T.A.T. Communications Company
The T.A.T. Communications Company (also spelled simply as "TAT") was formed in 1974 by Norman Lear and comedian Jerry Perenchio, a year before Bud Yorkin ended his partnership with Lear, which produced The Jeffersons and One Day at a Time among others. In 1976, T.A.T. formed its own distribution division. On January 6, 1982, T.A.T. Communications Company was reincorporated as "Embassy Communications, Inc." and renamed the T.A.T. production division as "Embassy Television" (now ELP Communications) with the acquisition of Avco Embassy Pictures Corporation by Lear and Perenchio, while the distribution division of this company was renamed "Embassy Telecommunications". T.A.T. stood for a Yiddish phrase pronounced "Tuchus Affen Tisch", which meant "Putting one's butt on the line". Currently, T.A.T. Communications Company is now known as ELP Communications and serves as an in-name only unit of Sony Pictures Television.
1st Logo (January 19, 1975-December 12, 1982)
Logo: Depending on the show, it would say either:
But on certain shows like The Jeffersons, One Day at a Time, and Mary Hartman, Mary Hartman, it would read:
- Some series would feature a copyright stamp below the text, such as on later S1 episodes of Mary Hartman, Mary Hartman.
- Some in-credit notices would appear in shadow mode in 1979.
- On The Facts of Life episode "The Affair", the text is centered at the bottom.
- On some shows like Fernwood 2-nite and the final season of Mary Hartman, Mary Hartman (a.k.a. Forever Fernwood), this text was also used following the "standard" T.A.T. text:
- On early syndicated broadcasts of Mary Hartman, Mary Hartman, this text over a blue background was used to plaster the "standard" text:
- On early season 2 episodes of Mary Hartman, Mary Hartman, the text says:
FX/SFX: The scrolling of the credits or superimposed. On Fernwood 2Nite, the text fades.
Music/Sounds: The closing theme from any specific shows.
- It was retained on two episodes of The Jeffersons on TV One and Me-TV since the remaining has been plastered by the SPT logo (which makes it bad editing after the T.A.T. copyright stamp), seasons 1-3 of The Facts of Life on Me-TV, and One Day at a Time on FETV. It also appears on The Jeffersons on Starz In Black.
- It's also seen on DVD releases of One Day at a Time, The Jeffersons, The Facts of Life, and Mary Hartman, Mary Hartman.
- TV One prints of The Jeffersons omit this logo, cutting straight to the SPT logo after either the "Videotaped at Television City", "Videotaped at Metromedia Square", or T.A.T. copyright notice.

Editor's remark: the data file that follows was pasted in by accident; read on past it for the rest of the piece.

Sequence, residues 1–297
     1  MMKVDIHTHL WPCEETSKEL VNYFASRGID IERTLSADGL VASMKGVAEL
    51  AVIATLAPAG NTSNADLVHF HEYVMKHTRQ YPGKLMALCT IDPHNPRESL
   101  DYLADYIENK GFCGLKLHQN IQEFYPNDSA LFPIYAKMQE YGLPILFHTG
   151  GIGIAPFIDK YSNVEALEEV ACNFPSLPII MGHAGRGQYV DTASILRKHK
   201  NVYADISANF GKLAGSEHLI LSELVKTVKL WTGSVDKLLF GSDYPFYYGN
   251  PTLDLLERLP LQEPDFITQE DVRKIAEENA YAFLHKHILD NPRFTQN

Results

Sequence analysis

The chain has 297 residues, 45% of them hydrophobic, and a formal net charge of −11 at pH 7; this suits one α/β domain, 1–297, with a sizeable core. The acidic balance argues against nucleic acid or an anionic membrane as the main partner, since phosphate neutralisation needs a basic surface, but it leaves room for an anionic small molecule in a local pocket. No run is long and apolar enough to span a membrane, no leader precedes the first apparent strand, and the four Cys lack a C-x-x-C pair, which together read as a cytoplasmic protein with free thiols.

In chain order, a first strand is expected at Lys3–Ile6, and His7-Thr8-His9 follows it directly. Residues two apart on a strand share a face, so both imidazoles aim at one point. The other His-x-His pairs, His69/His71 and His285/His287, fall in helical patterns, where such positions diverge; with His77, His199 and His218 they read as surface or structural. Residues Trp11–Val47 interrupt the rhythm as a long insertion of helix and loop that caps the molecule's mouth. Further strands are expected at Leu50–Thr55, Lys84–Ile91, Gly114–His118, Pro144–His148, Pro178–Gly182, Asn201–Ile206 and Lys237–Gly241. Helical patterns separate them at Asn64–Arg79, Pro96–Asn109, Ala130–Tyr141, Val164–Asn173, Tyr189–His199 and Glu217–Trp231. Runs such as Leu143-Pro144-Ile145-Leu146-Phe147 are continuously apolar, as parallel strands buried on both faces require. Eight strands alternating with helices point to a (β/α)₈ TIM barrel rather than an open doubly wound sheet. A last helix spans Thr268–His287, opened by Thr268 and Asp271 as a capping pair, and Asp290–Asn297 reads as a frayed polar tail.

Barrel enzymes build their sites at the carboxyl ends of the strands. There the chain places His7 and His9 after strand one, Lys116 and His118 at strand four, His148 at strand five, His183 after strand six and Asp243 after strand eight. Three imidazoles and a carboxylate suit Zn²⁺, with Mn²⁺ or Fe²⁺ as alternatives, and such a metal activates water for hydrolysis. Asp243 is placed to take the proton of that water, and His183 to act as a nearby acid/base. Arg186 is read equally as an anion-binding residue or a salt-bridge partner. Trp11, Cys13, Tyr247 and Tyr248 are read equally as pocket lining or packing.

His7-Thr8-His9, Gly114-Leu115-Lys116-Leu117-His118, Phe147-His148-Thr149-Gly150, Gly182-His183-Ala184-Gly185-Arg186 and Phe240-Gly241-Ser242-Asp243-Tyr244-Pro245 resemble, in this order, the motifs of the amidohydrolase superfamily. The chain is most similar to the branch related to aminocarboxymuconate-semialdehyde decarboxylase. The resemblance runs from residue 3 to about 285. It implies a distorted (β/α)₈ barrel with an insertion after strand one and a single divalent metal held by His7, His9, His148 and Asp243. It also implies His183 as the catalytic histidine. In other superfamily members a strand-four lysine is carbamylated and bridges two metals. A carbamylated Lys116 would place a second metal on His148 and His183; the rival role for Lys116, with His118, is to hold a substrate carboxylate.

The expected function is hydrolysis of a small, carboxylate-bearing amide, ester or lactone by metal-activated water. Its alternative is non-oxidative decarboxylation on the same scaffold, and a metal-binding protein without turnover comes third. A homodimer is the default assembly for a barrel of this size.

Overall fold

- This also can be seen at the beginning of the 1978 film Blue Collar, after the 1975 Universal Pictures logo.
- Despite T.A.T. being replaced with Embassy in September 1982, this made a surprise appearance on The Jeffersons season 9 episode, "Appointment in 8-B."
Editor's Note: None.
2nd Logo (1979?-1982?)
The above captures are from a partial recording of the logo before it was cut out by a CBS ID. A recording of the logo's jingle, as described below, can be heard here.
Nicknames: "The T.A.T. Star", "Cheesy Star", "The Infamous Star"
Logo: An orange screen first appears. The screen then starts to zoom out to reveal that it's a Scanimated star, as it reveals a black background with the text "TAT" in lined letters and "COMMUNICATIONS COMPANY" in white. It's currently unknown what the rest of the logo is, as the video gets cut off near the end.
FX/SFX: The Scanimated star descending onto the background.
Music/Sounds: A poorly done 12-note synth theme that was composed by associate producer John Maxwell Anderson.
Availability: Long extinct. 15 years of searching have yielded only a partial recording.
- It was only seen on original daytime CBS reruns of One Day at a Time and The Jeffersons and CBS Late Movie airings of Mary Hartman, Mary Hartman, as well as original reruns of The Facts of Life. It has been said that it appeared on a few broadcasts of the show on TV Land in 2002 during the Norman Lear Marathon and in 1994 on reruns of The Jeffersons on WGN-TV.
- VHS releases of Mary Hartman, Mary Hartman were rumored to have it, but it has been confirmed it's not on them.
- A partial clip of the logo before it was cut out by a CBS ID was finally spotted on the October 21, 1980 rerun of a 1975 episode of One Day at a Time.
- A very faint segment of the tune before it was cut out by the Columbia TriStar Television Distribution "Boxes of Boredom" logo had also been spotted on another episode of One Day at a Time that originally aired on December 9, 1979.
- This logo was quickly replaced in syndication with the Embassy Telecommunications logo once it was introduced. As of now, it is unknown if the full logo will ever surface.
Editor's Note: This is perhaps the rarest logo on this wiki. As a result of its rarity, it is one of the most popular/infamous logos on here. It is also infamous for the widespread amount of parodies, remakes, and fake "findings" of it that have spread as a result.